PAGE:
Vitamin B3 (Niacin) is essential for energy production, formation of steroid compounds, red blood cell formation, cognitive function, and mood. The optimal intake is 50-100 mg.

Vitamin B5 (Pantothenic Acid) is essential for the metabolism of carbohydrates, proteins, and fats in energy production, adrenal hormones, and red blood cells. The optimal intake is 50-100 mg.

Vitamin B6 (Pyridoxine) is essential for forming body proteins, neurotransmitters, red blood cells, and immunity. The optimal intake is 10-25 mg.

Folate prevents neural tube defects (must be taken by mother in early pregnancy). It is also essential for many processes in the body (reduces homocysteine levels). Cardiovascular health. Red blood cell production. Skin and nail health. The optimal intake is 400-800 mcg.

Vitamin B12 (Cobalamin) is essential for synthesizing DNA, red blood cells, and nerve development. The optimal intake is 50-200 mcg.

Biotin is essential for the metabolism of fats, proteins, and carbohydrates; nail and hair growth.

Vitamin C is an antioxidant essential for immunity, collagen formation, bone development, cancer prevention and treatment, gum health, hormone and amino acid synthesis, adrenal-gland hormones, and wound healing. Optimal intake is 500-1,500 mg.

Choline is required to manufacture the neurotransmitter acetylcholine, metabolism of fats. So choline isn’t actually a vitamin, but it is an essential micronutrient, and it’s usually grouped with the vitamins because it works in concert with many of them.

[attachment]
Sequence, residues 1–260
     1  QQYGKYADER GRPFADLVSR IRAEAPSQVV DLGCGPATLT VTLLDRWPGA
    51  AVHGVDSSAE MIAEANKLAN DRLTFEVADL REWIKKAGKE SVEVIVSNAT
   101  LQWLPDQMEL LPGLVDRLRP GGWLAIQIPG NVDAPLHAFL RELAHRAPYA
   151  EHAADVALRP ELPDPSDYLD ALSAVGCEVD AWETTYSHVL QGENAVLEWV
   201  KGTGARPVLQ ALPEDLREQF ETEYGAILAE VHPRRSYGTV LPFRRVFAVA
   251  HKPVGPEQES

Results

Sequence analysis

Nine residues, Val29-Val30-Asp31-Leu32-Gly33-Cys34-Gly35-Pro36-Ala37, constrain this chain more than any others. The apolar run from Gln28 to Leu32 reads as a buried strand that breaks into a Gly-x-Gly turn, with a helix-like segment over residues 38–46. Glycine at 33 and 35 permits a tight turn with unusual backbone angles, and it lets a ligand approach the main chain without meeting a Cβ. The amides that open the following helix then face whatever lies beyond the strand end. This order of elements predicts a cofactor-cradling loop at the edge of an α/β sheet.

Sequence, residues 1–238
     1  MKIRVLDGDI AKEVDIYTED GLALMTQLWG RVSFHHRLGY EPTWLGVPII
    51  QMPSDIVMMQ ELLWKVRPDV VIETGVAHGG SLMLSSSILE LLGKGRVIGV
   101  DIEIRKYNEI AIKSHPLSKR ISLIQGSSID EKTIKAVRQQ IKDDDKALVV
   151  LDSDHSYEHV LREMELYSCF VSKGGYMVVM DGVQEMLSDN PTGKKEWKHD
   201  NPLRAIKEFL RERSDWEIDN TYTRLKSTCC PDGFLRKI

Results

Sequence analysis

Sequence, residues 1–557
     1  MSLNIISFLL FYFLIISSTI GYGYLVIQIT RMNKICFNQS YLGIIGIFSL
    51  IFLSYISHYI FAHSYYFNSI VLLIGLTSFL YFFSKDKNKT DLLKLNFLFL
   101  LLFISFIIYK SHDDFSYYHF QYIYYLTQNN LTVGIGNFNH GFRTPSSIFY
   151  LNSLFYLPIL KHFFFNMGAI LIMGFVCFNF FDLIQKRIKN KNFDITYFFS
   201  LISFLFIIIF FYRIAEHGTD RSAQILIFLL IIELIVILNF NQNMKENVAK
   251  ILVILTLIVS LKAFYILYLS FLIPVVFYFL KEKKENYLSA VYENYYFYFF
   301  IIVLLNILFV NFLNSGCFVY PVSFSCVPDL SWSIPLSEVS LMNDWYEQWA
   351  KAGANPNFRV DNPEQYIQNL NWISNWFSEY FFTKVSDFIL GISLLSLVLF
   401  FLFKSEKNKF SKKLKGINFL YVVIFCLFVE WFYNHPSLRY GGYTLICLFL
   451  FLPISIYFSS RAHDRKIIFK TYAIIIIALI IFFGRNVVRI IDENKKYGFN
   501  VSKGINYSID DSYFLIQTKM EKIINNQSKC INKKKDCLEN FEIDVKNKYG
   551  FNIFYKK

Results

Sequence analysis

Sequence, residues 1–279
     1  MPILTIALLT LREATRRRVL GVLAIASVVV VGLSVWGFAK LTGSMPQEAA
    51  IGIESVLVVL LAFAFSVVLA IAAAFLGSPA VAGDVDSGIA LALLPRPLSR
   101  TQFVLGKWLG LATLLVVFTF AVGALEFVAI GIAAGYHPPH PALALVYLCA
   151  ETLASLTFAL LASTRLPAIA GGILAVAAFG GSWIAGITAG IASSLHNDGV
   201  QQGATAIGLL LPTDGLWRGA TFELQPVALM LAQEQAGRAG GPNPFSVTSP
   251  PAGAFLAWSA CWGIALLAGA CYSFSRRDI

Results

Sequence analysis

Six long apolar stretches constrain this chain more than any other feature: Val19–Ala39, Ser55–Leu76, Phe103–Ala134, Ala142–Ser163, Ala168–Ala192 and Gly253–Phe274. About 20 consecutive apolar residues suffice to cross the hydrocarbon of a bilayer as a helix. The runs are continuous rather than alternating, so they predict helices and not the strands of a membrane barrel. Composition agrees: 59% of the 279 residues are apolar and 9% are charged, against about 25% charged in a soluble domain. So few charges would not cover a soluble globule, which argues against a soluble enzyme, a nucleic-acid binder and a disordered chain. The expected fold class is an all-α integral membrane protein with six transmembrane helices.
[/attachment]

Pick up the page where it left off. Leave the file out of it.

Calcium is essential for bone and teeth formation, muscle contraction, heartbeat, blood clotting, and nerve impulse. Optimal intake is 1,000-1,500 mg.

Magnesium is essential for bone and teeth formation, energy production, glucose metabolism, and muscle and nerve impulse. The optimal intake is 400-600 mg.

Phosphorus is essential for growth, bone production, energy production, and kidney function. Optimal intake is 800-1,200 mg.

Potassium is essential for nerve transmission, water balance, acid-base balance, heart function, kidney function, and adrenal function. Optimal intake is 2,000-3,000 mg.

Sodium is essential for acid-base balance, muscle contraction, nerve impulse, and amino acid absorption. Optimal intake is 2,000 mg.